The response in the United States to the surge of violence between Palestinians and Israelis holds no surprises whatsoever. The usual bipartisan contingent of pro-war figures in the political arena, the policy community, and the corporate news media presented a predictable narrative from the outset that quickly became dominant. Proponents parroted familiar clichés that portrayed a complex struggle as a stark morality play with nothing but innocent victims on one side and monstrous villains on the other. Typically, President Biden labelled the Hamas attacks as “pure, unadulterated evil.”
Such “logic” leads to the inescapable conclusion that the United States must support Israel enthusiastically and without reservation. The New York Times established the tone in an October 9, 2023, editorial. Members of the editorial board stated that “President Biden is right to express America’s full support for Israel at this painful moment. The United States, as its closest ally, has a critical role to play.”
It is the same script that America’s pro-war elites used with respect to the conflicts in Bosnia and Kosovo, the two wars with Iraq, and the disastrous meddling by the United States and its allies in Libya, Syria, and Ukraine. The motive is the same as well – to whip-up public support for the client that the U.S. government is backing and visceral hatred for the “aggressor.” Such imagery also is designed to create sentiment in favor of a possible direct U.S. military intervention.
Two dominant themes have emerged from the latest propaganda offensive. One is that the Palestinians are entirely to blame for the bloodshed. To be sure, Hamas contains nasty terrorist elements. Some of the organization’s tactics in the new offensive (especially the taking of civilian hostages, and credible reports of gruesome murders) are reprehensible. However, there is a pervasive unwillingness among Israel’s supporters in the West to concede that the country’s appalling behavior toward Palestinians (especially in Gaza) contributed to the latest outbreak of violence. Yet Human rights advocates have aptly described Gaza as the world’s largest open-air prison.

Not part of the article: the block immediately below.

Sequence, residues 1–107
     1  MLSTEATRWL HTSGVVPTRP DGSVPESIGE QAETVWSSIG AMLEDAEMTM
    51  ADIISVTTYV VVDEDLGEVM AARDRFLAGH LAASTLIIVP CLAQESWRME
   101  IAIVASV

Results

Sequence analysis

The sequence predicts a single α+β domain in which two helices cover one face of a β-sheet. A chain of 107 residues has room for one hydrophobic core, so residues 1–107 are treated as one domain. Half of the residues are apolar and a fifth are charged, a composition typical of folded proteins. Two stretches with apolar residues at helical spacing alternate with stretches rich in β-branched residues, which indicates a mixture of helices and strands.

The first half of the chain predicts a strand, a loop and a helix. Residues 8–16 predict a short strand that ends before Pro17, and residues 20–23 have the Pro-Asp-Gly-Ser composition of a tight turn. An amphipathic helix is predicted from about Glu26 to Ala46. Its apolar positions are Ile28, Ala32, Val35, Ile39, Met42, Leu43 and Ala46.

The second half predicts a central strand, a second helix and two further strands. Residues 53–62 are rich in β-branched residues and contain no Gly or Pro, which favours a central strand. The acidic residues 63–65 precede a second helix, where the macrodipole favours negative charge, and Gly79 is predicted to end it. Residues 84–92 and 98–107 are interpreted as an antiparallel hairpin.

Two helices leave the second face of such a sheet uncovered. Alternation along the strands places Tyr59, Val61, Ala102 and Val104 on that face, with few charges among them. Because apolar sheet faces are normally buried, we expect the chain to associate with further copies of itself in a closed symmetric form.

Severe international sanctions (and possibly a multilateral military intervention) would have occurred long ago, if a country not so favored by Washington had treated an ethnic or religious minority the way that the IDF (Israel’s defense force), police, and other security personnel routinely treat Palestinians in both Gaza and the occupied West Bank. Yet members of America’s hawkish propaganda brigade will concede none of that embarrassing, disagreeable evidence. Instead, they attribute the latest round of violence entirely to Hamas “terrorists” and advocate a draconian Israeli military response that would flirt with committing outright war crimes.
The other, increasingly visible narrative theme is that Iran, using its Hezbollah proxies in Lebanon, has served as the inspirational and logistical godfather for the latest Hamas offensive. Indeed, the dust from the initial Hamas attack had barely settled when the Wall Street Journal’s editors published a high-profile article contending that Iran was the party really responsible for the assault. That narrative was not helped, though, when Israel’s government issued a statement conceding that there was no credible evidence that Tehran was involved.